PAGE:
Clipping your chicken’s wings is just one of the tasks involved in chicken keeping that make have your nerves fired up. It can be daunting if you’ve never done it before.
Don’t stress out about keeping chickens, it’s easy to gain the confidence you need to enjoy chicken care. Check out Chickenpedia’s chicken care courses. They’re the perfect way to swat up on coop life and hen husbandry.
Is It Cruel to Clip My Chicken’s Wings?
There’s nothing cruel about wing clipping. It doesn’t hurt, it keeps them safe, and you’re not hindering an athlete from following their dreams. Your chicken was never going to win any flight contests!
How To Clip a Chicken’s Wings:
1. Make sure they’re ready
The blood supply to your chicken’s flight feathers runs higher up the feather than when they have finished growing. You should never clip feathers that are not fully grown. Make sure your timing is right before you get started.
2. Catch your chicken
This is arguably the hardest bit about clipping your chicken’s wings! Unless you’ve raised a very friendly chicken then your first task will be to catch your chicken. The smaller the space, the easier they’ll be to catch but do this as quickly and efficiently as you can.
It’s tempting to softly-softly chase Yola around the yard declaring that you won’t hurt her, but half an hour of this is more stressful for everyone than a quick swoop with a towel. Once you have your hen in your hands you can calm her quickly.
3. Position your chicken
Holding your chicken on their back will calm them. They seem to go into a trance-like state meaning you can work quickly and safely. Extend the wing you plan to clip and identify the flight feathers.
Using a sharp pair of scissors or clippers clip at least three, but ideally more, flight feathers. If you only plan to clip one wing, make sure you always go for right or left with your whole coop troop, so that you remember where to reclip next time.
“Typically, the outermost five to six (primary) feathers are trimmed about halfway from the base of the feather to the tip. The feathers closer to the body (secondary feathers) should not be clipped, and no feathers should be clipped shorter than midway from base to tip.” (VCA)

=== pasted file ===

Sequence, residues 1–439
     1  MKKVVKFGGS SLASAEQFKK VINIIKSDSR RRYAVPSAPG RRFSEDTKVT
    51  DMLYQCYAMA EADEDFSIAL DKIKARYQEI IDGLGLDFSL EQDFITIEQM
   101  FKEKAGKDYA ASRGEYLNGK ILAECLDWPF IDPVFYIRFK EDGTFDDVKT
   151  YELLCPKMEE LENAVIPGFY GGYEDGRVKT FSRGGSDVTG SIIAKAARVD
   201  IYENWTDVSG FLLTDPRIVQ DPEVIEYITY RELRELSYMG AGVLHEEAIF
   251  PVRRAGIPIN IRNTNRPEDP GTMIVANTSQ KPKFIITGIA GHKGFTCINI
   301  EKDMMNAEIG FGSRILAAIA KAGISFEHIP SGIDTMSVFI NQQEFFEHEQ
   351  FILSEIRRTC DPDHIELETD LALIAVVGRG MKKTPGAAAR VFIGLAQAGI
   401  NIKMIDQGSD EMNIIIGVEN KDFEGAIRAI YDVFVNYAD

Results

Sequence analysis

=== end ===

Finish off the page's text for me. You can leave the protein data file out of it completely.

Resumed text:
How Often Do Chickens' Wings Need Clipping?
You’ll need to clip your chicken’s wing or wings every 1-3 months.
“ …wings need clipping every 1-3 months after the start of a molt cycle, as new feathers grow back. However, every bird is different; some need clipping more often and some less. To prevent accidental injury from a flight, you should regularly check the wings of your pet, since even a couple of new feathers growing in the right place may give the bird the lift it needs to soar. Never assume your bird cannot fly; always check or perform a test fly. (VCA)
Should I Clip One or Both Wings?
You can clip one or both of your chicken’s wings. Some keepers find one wing sufficient since it throws them off balance in flight. They essentially flap around in a circle and soon decide it’s not worth the bother. Other chicken keepers feel it’s kinder and more effective to clip both wings since the chicken can’t get airborne at all so there’s none of the confusion or room for bumps involved in a disrupted one-winged flight.
Can I Stop My Chicken Flying Without Clipping Their Wings?
If you can’t face the thought of clipping your flighty chicken’s wings, or if you want to show your chickens (in which case wing clipping is a no-go) then you have three alternatives:
1. Let Them fly!
2. Cover the run
What is Brailing?
Brailing is a temporary way of hindering flight in chickens. It’s essentially a tie placed around the wings so they can’t spread their wings. Brailing is mostly used in show birds since clipped wings would disqualify them.
Brailing must be done carefully so chickens aren’t bound too tightly resulting in blood flow being restricted, and brails have to be removed completely every week. It’s not the most convenient method for most backyard chicken keepers since it’s pretty time-consuming.
FLYING CHICKENS IS NOTHING TO GET IN A FLAP ABOUT
Keeping chickens throws up half a dozen questions a day, and what to do about your chickens flying the nest is just one of them!
What size coop should you buy? What breed of chicken would be best? Do I Need a rooster? What is that thing in the nest box…that can’t be an egg?
You can prepare with a good book, and you can research as things crop up, but the learning never ends with keeping chickens. The problem is knowing which advice to take and knowing how to spot issues before they become a big deal. On the flip side of this omelet, we have busy lives, and don’t have the time to study for a degree in animal husbandry!
Chickenpedia is egg-sactly what it sounds like: an encyclopaedia of chickens. You’ll find reliable, concise, easy-to-understand guidance on all the things you need to know to keep backyard chicken, and none of the fluff you don’t need. The only fluff you’ll find are some adorable baby chicken pictures!